What to Do
Bird-lovers flock to Ferndale's 105-acre Russ Park to seek out hummingbirds, grosbeaks, and warblers among a canopy of Sitka spruce and fir trees, while beachcombers head to Centerville Beach County Park—five miles west of town—keeping an eye out for migrating gray whales during spring and fall.
Embark on an oh-so-scenic (albeit sometimes harrowing) drive along Mattole Road, suitably dubbed "the wildcat." Winding south from Ferndale, the road travels through forested coastal mountains and rolling farmlands before dropping down to the Pacific at Cape Mendocino—California's westernmost point—for spectacular ocean views. Mattole Road continues south where you can stop in Petrolia—a small town that gets its name from being the site of California's first drilled oil well—before continuing on to Honeydew.
Hiking and Biking
The Lost Coast's remote terrain makes for some exquisite hiking and mountain biking opportunities, most notably within the 68,000-acre King Range National Conservation Area. The Douglas fir–covered peaks tower upwards of 4,000 feet and stretch 35 miles along the Pacific, from Mendocino County's Sinkyone Wilderness State Park north to the mouth of the Mattole River. King Range’s more than 70 miles of hiking trails traverse cliff sides, twist-and-turn among chaparral and grasslands, and meander along beaches.
The area's most iconic hike is along the Lost Coast Trail, a 24.6-mile trek from Black Sands Beach north to Mattole Beach. Plan a few days to complete the mostly level tramp, which journeys along beaches (watch for rogue waves and high tides) and across boulders, and is surrounded by vibrant wildflower displays during spring. Sea lions and black bears sometimes visit.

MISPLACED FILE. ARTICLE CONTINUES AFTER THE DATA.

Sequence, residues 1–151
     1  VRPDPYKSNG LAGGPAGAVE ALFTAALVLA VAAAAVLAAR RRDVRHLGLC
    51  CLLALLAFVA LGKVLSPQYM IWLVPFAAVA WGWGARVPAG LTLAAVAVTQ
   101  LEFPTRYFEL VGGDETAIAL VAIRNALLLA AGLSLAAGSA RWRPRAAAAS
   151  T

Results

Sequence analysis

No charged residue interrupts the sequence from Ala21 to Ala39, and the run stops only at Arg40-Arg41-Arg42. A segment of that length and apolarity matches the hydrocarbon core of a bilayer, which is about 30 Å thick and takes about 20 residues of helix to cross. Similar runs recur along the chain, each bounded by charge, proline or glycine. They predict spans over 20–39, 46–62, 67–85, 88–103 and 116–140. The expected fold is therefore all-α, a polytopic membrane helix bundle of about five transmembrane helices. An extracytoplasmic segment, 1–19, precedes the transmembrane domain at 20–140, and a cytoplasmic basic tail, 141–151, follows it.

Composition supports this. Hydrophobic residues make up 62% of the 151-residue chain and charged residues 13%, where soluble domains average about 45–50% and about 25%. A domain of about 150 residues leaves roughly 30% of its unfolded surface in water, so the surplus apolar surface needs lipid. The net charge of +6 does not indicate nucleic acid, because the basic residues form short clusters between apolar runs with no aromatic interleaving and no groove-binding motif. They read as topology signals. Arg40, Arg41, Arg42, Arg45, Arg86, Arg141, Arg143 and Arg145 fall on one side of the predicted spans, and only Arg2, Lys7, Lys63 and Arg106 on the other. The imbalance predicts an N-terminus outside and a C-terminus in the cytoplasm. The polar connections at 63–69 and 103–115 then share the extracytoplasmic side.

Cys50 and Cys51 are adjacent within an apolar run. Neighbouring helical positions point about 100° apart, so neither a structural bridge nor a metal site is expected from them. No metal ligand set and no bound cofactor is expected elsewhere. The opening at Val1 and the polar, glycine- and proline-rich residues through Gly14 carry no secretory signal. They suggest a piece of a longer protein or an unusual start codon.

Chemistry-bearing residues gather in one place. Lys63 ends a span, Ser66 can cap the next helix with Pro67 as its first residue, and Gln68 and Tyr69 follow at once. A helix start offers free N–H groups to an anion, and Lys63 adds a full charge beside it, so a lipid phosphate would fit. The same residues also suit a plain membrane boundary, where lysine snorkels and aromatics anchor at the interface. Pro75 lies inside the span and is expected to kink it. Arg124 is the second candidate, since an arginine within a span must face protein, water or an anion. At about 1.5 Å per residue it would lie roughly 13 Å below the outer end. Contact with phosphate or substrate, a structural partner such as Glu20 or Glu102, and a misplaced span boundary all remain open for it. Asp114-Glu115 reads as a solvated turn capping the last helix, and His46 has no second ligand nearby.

Day hikes include the 4.2-mile (one way) Horse Mountain Creek Trail, connecting the King Range mountains and the beach with a 1,700-foot descent; and the aptly-named Lighting Trail, a 2.6-mile (one way), 1,900-foot climb to the top of King Peak through old-coast forests, resulting in remarkable ocean and mountain views.
The Punta Gorda Lighthouse Trail offers a moderate 2.7-mile (one way) path that stems off the Lost Coast Trail near Petrolia and ends at the Punta Gorda Lighthouse—a deactivated beacon known as the Alcatraz of Lighthouses, due to its relative inaccessibility.
For mountain bikers, King Range's Paradise Royale offers a 23-mile system of trails that winds through backcountry, crossing forested ridges and descending into verdant river valleys with various levels of difficulty.